New Year Customs from Around the World

Every year, people around the world mark the passage of time with New Year’s celebrations.  December 31 and January 1 find many more people than usual (even kids!) staying up well past their bedtimes. Learn more about this annual celebration here!

Around the world

Different cultures have different ways of celebrating the transition from the old year to the new.  It’s worth noting that some cultures which use a different calendar in addition to the Western civil one (also called the Gregorian calendar), may still mark the transition from one year to the next on January 1, but the cultural celebrations happen as the new year begins on their traditional calendar (for example, Chinese New Year and Islamic New Year).

What the heck is Hogmanay?

Hogmanay is what the New Year celebration is called in Scotland.  The word’s exact origin is unknown, but it may have come from the French word hoginane meaning “gala day”.  The name might also have come from the Anglo-Saxon haleg monath meaning “holy month”.  Some claim it came from the Scandinavian hoggo-nott meaning “yule”.  A traditional part of Hogmanay is “first footing”.  That’s when someone visits friends or family immediately after midnight to become the first person to go into their house in the new year.  First footers traditionally bring a lump of coal to ensure the house remains warm in the coming months.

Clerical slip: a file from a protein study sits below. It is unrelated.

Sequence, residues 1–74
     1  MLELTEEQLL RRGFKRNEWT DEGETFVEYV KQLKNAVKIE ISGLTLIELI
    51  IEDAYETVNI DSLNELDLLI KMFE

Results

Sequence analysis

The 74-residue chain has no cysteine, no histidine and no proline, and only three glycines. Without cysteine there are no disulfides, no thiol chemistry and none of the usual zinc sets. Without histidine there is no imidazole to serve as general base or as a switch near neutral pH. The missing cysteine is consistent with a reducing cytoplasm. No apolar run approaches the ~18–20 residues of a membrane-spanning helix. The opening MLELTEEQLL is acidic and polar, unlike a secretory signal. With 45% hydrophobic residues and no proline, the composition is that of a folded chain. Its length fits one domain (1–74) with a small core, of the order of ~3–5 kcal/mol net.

No sour grapes allowed, but lentils are okay

When the clock strikes midnight in Spain, people reach for grapes.  Tradition has it that you should eat one grape each time the clock chimes.  In Romania, people dress up as dancing bears at the New Year to chase away evil spirits.  In Brazil, eating a bowlful of lentils at New Year is a guarantee of good fortune for the year ahead.

Ring the bells

At midnight on December 31, Buddhist temples and individuals all over Japan ring bells 108 times to symbolize the 108 human sins in Buddhist belief, and to get rid of the 108 worldly desires regarding sense and feeling in every Japanese citizen.  In Seoul, South Korea, the large bell in the Bosingak pavilion (originally constructed in 1396!) is rung just once a year at midnight on December 31.

Smashing stuff

In Denmark, people smash a plate on a friend’s doorstep to bring good luck over the next twelve months.  No one knows the origin of this strange tradition.  In Johannesburg, people like to begin the year without any unwanted items, so at the new year they chuck out old furniture by dropping it out of a window.

Speaking of dropping things…